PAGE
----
Pulis are not recommended for homes with small children. They are fairly easy-going but they don't have the patience for being climbed on, poked at, or teased. Toddlers may also be inclined to tug on the Puli's unusual corded coat.
Neat freaks will not find Pulis to be ideal housemates. Their rough coats tend to trap and hold everything from water, to food, to dust from the floor, to feces.
The Puli is a compact, square appearing, well balanced dog of medium size. He is vigorous, alert and active. Striking and highly characteristic is the shaggy coat which, combined with his light-footed, distinctive movement, has fitted him for the strenuous work of herding flocks on the plains of Hungary. Agility, combined with soundness of mind and body, is of prime importance for the proper fulfillment of this centuries-old task.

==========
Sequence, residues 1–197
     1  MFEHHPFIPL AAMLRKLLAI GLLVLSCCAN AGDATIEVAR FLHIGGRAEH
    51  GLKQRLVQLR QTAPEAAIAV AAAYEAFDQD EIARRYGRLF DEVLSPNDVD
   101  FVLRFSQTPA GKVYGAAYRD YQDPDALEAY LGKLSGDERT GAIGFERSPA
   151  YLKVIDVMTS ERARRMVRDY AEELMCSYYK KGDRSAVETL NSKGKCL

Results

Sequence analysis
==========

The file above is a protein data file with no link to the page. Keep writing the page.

Size, Proportion, Substance
Ideally, males are 17 inches measured from the withers to the ground;bitches, 16 inches. An inch over or under these measurements is acceptable. The tightly knit body approximates a square measured from withers to ground and point of shoulder to point of buttock. Medium boned.
The head is of medium size in proportion to the body. The almond shaped eyes are deep set, rather large, and dark brown with black or slate gray eye rims. The ears, set on somewhat higher than the level of the eyes, are hanging, of medium size, V-shape, and about half the head length. The skull slightly domed and medium broad. The stop is defined, but not abrupt. The muzzle is strong and straight, a third of the head length, and ends in a nose of good size. The nose is always black. Flews and gums are black or slate gray. Flews are tight. A full complement of teeth, comparatively large, meet in a scissors bite.